Two rulings about the crime-fraud exception to the attorney-client privilege were recently reversed, by both the Fifth Circuit and Dallas’s Fifth District, in response to mandamus petitions. (This is a cross-post with

  • In the Fifth Circuit: “[A]s Boeing argues, the district court clearly erred in finding that Plaintiffs established a prima facie case that the contested documents were subject to the crime-fraud exception. The district court concluded that the contested documents were reasonably connected to the fraud based on one finding only—that the documents sought ‘f[e]ll within the period Boeing admit to hav[ing] knowingly and intentionally committed “fraud” in the DPA. However, a temporal nexus between the contested documents and the fraudulent activity alone is insufficient to satisfy the second element for a prima facie showing that the crime-fraud exception applies.” In re The Boeing Co., No. 21-40190 (July 29, 2021, unpublished).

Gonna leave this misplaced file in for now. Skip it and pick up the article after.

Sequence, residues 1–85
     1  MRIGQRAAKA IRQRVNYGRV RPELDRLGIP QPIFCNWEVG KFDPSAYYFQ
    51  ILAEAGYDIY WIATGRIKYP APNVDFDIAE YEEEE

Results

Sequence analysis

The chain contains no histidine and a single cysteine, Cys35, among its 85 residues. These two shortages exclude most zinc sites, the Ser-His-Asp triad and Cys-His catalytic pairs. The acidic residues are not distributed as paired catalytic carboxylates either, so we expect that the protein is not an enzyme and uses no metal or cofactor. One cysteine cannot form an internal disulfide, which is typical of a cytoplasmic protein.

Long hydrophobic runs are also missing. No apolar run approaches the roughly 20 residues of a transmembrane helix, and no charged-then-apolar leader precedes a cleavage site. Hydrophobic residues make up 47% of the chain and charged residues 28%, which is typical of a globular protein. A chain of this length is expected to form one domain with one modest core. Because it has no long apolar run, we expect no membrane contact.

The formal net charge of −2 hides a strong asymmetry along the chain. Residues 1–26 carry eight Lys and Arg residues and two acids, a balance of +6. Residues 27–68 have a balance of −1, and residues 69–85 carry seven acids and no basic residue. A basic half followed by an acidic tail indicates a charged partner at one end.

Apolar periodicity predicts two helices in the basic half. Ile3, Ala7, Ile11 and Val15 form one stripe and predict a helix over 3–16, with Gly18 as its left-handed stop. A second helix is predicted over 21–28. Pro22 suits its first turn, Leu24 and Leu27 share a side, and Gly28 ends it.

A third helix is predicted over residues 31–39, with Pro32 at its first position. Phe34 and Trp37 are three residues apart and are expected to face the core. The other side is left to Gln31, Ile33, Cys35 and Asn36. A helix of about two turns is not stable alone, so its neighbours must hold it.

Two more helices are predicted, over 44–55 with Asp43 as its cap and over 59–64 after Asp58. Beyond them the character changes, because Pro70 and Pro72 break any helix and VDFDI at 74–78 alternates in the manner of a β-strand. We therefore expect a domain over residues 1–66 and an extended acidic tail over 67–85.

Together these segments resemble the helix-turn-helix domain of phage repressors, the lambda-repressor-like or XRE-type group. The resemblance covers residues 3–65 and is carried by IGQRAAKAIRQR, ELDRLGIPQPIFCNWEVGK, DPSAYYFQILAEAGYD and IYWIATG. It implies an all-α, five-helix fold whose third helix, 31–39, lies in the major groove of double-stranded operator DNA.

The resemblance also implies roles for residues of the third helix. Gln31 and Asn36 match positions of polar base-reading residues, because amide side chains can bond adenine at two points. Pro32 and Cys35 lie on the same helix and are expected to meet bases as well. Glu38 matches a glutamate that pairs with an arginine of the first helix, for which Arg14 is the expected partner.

• In the Fifth District, the Court noted: “[A] determination at the TCPA stage as to a prima facie showing does not automatically translate to a prima facie showing for purposes of application of the crime–fraud exception to the attorney–client privilege. The exception UDF attempts to invoke is for crime–fraud, not crime–tort.” From there, it declined to follow a broad view of the exception defined by another Texas intermediate court, “and note that, notwithstanding certain language in the [relevant] opinion, the El Paso court continues to apply the elements of common-law fraud when determining the applicability of the crime fraud exception, rather than requiring proof of a false statement only.” In re Bass, No. 05-21-00102-CV (July 30, 2021) (mem. op.).

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